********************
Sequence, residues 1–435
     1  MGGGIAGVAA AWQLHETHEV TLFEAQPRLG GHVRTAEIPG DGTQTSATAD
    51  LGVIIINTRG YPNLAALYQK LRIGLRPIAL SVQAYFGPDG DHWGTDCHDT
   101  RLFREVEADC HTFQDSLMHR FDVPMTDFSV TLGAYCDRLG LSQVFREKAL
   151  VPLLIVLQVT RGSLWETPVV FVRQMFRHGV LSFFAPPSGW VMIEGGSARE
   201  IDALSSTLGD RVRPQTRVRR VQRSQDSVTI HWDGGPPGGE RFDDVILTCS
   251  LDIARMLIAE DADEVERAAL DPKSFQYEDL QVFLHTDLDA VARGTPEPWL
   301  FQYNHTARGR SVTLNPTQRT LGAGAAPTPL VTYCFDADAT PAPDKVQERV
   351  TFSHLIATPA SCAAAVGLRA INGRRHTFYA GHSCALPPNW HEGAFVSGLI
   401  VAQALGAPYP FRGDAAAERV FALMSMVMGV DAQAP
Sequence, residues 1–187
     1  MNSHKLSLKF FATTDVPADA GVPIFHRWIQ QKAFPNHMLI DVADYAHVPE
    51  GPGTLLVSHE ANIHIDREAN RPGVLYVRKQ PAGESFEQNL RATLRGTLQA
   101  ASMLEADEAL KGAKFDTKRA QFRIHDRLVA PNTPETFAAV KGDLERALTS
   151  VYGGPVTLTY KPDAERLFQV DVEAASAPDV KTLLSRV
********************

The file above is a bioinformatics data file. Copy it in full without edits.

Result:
Sequence, residues 1–435
     1  MGGGIAGVAA AWQLHETHEV TLFEAQPRLG GHVRTAEIPG DGTQTSATAD
    51  LGVIIINTRG YPNLAALYQK LRIGLRPIAL SVQAYFGPDG DHWGTDCHDT
   101  RLFREVEADC HTFQDSLMHR FDVPMTDFSV TLGAYCDRLG LSQVFREKAL
   151  VPLLIVLQVT RGSLWETPVV FVRQMFRHGV LSFFAPPSGW VMIEGGSARE
   201  IDALSSTLGD RVRPQTRVRR VQRSQDSVTI HWDGGPPGGE RFDDVILTCS
   251  LDIARMLIAE DADEVERAAL DPKSFQYEDL QVFLHTDLDA VARGTPEPWL
   301  FQYNHTARGR SVTLNPTQRT LGAGAAPTPL VTYCFDADAT PAPDKVQERV
   351  TFSHLIATPA SCAAAVGLRA INGRRHTFYA GHSCALPPNW HEGAFVSGLI
   401  VAQALGAPYP FRGDAAAERV FALMSMVMGV DAQAP
Sequence, residues 1–187
     1  MNSHKLSLKF FATTDVPADA GVPIFHRWIQ QKAFPNHMLI DVADYAHVPE
    51  GPGTLLVSHE ANIHIDREAN RPGVLYVRKQ PAGESFEQNL RATLRGTLQA
   101  ASMLEADEAL KGAKFDTKRA QFRIHDRLVA PNTPETFAAV KGDLERALTS
   151  VYGGPVTLTY KPDAERLFQV DVEAASAPDV KTLLSRV